comfortable they all are, as compared not only with the
prisoners, but even with the peasants!" These thoughts again
involuntarily came to Nekhludoff's mind.



The man on whom depended the easing of the fate of the Petersburg
prisoners was an old General of repute--a baron of German
descent, who, as it was said of him, had outlived his wits. He
had received a profusion of orders, but only wore one of them,
the Order of the White Cross. He had received this order, which
he greatly valued, while serving in the Caucasus, because a
number of Russian peasants, with their hair cropped, and dressed
in uniform and armed with guns and bayonets, had killed at his
command more than a thousand men who were defending their
liberty, their homes, and their families. Later on he served in
Poland, and there also made Russian peasants commit many
different crimes, and got more orders and decorations for his
uniform. Then he served somewhere else, and now that he was a
weak, old man he had this position, which insured him a good
house, an income and respect. He strictly observed all the
regulations which were prescribed "from above," and was very
zealous in the fulfilment of these regulations, to which he
ascribed a special importance, considering that everything else
in the world might be changed except the regulations prescribed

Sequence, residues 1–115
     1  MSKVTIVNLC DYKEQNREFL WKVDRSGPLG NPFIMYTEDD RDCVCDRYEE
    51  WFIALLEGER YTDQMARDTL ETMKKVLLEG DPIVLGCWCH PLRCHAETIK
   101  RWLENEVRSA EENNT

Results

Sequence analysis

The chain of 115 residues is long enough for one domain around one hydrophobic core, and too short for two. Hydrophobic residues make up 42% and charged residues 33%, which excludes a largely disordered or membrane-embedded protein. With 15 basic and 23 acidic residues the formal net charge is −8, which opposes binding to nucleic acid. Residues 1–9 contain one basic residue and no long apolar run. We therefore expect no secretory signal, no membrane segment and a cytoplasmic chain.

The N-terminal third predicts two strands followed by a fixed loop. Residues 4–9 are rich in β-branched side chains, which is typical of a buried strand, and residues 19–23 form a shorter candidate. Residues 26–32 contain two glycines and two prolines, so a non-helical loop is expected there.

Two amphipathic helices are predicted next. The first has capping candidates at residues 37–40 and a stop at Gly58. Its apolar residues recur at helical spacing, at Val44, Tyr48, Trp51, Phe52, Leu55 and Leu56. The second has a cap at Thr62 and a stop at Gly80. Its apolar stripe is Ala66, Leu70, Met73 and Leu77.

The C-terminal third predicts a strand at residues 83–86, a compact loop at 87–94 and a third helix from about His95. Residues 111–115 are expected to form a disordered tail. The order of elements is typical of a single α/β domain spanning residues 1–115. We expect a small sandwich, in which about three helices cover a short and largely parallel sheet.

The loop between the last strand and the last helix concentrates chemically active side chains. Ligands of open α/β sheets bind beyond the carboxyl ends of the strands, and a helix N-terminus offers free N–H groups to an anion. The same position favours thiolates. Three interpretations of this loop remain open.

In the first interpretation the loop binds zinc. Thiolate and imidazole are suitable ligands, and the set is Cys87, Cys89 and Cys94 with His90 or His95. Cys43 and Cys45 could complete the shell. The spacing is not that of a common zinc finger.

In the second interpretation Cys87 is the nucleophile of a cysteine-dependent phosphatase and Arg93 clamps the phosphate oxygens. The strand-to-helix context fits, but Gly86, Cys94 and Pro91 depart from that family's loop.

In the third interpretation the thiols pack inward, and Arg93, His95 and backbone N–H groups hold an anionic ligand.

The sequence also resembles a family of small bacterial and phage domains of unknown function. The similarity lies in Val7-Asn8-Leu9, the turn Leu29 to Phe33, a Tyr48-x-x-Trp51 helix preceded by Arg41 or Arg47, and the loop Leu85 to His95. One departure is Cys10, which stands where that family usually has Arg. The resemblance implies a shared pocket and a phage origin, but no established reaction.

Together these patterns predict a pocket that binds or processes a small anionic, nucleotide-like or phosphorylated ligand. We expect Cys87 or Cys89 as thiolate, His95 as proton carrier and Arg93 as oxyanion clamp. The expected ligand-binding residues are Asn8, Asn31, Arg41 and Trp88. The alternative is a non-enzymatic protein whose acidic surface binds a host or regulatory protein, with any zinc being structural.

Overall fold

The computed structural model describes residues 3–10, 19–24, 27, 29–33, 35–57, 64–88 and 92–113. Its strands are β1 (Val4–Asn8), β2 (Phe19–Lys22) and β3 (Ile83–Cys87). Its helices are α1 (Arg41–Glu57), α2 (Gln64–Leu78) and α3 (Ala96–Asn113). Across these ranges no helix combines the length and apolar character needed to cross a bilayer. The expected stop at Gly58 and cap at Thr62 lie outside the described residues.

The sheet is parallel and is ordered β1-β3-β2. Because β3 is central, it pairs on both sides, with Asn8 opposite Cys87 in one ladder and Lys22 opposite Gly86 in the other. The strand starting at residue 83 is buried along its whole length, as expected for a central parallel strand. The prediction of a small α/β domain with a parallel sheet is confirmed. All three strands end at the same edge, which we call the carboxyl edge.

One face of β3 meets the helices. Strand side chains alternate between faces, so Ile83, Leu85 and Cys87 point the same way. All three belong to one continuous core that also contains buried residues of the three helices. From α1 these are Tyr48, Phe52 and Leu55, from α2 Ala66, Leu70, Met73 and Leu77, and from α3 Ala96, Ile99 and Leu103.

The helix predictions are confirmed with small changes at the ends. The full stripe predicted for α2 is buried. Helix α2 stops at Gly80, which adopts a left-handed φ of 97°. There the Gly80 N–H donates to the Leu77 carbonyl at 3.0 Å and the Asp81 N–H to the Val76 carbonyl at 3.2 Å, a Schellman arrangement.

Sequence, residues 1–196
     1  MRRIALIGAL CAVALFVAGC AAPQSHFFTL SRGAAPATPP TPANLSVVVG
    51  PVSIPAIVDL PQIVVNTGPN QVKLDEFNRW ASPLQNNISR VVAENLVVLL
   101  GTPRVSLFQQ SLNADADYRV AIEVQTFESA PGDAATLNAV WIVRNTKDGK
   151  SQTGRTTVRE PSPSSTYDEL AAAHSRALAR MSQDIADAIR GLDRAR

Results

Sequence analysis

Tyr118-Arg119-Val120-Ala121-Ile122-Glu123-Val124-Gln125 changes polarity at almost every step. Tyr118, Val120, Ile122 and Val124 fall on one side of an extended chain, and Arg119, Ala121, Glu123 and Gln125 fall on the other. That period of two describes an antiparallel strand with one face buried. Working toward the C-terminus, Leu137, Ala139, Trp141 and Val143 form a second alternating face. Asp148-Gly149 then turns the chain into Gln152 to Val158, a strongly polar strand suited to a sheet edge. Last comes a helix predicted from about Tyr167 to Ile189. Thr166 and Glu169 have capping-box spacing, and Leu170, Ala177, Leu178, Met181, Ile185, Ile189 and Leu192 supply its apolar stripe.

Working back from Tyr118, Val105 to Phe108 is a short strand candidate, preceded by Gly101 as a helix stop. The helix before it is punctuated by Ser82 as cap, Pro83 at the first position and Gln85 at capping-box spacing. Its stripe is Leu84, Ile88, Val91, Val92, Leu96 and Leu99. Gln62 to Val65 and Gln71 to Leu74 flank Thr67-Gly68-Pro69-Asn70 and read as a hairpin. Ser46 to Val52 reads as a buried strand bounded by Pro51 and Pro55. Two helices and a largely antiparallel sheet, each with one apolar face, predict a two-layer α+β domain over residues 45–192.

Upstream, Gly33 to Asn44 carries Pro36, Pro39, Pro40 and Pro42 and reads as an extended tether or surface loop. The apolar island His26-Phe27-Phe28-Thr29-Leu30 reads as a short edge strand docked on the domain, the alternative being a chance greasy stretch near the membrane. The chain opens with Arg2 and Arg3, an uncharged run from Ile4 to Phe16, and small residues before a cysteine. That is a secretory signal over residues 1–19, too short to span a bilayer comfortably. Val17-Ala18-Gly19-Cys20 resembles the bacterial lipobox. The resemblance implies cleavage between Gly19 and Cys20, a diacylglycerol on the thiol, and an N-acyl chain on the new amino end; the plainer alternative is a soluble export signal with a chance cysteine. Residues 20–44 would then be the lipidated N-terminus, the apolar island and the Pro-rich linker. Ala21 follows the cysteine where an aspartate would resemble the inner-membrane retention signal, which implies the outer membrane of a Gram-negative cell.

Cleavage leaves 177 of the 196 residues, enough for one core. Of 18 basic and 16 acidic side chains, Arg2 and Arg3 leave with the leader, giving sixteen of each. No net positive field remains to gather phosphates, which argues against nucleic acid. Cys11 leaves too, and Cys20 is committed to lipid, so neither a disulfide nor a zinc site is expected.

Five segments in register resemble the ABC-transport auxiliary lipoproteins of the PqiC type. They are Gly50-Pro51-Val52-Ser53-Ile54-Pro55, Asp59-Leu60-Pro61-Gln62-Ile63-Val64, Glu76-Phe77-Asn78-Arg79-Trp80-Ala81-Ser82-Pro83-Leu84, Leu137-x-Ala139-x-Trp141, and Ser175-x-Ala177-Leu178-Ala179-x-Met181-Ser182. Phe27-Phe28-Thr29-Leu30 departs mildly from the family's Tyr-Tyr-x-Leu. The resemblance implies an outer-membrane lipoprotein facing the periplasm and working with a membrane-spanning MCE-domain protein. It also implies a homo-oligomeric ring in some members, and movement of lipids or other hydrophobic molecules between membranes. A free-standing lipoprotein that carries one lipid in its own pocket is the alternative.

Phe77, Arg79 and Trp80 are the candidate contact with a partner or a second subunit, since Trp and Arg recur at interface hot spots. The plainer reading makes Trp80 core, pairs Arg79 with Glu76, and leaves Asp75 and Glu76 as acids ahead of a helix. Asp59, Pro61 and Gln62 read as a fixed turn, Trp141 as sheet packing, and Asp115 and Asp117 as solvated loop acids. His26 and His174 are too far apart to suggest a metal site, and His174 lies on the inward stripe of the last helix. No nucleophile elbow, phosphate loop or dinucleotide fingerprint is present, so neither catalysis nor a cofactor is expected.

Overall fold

"from above." His duty was to keep political prisoners, men and
women, in solitary confinement in such a way that half of them
perished in 10 years' time, some going out of their minds, some
dying of consumption, some committing suicide by starving
themselves to death, cutting their veins with bits of glass,
hanging, or burning themselves to death.

The old General was not ignorant of this; it all happened within
his knowledge; but these cases no more touched his conscience
than accidents brought on by thunderstorms, floods, etc. These
cases occurred as a consequence of the fulfilment of regulations
prescribed "from above" by His Imperial Majesty. These
regulations had to be carried out without fail, and therefore it
was absolutely useless to think of the consequences of their
fulfilment. The old General did not even allow himself to think
of such things, counting it his patriotic duty as a soldier not
to think of them for fear of getting weak in the carrying out of
these, according to his opinion, very important obligations. Once
a week the old General made the round of the cells, one of the
duties of his position, and asked the prisoners if they had any
requests to make. The prisoners had all sorts of requests. He
listened to them quietly, in impenetrable silence, and never
fulfilled any of their requests, because they were all in
disaccord with the regulations. Just as Nekhludoff drove up to
the old General's house, the high notes of the bells on the
belfry clock chimed "Great is the Lord," and then struck two. The
sound of these chimes brought back to Nekhludoff's mind what he
had read in the notes of the Decembrists [the Decembrists were a
group who attempted, but failed, to put an end to absolutism in
Russia at the time of the accession of Nicholas the First] about
the way this sweet music repeated every hour re-echoes in the
hearts of those imprisoned for life.

Meanwhile the old General was sitting in his darkened
drawing-room at an inlaid table, turning a saucer on a piece of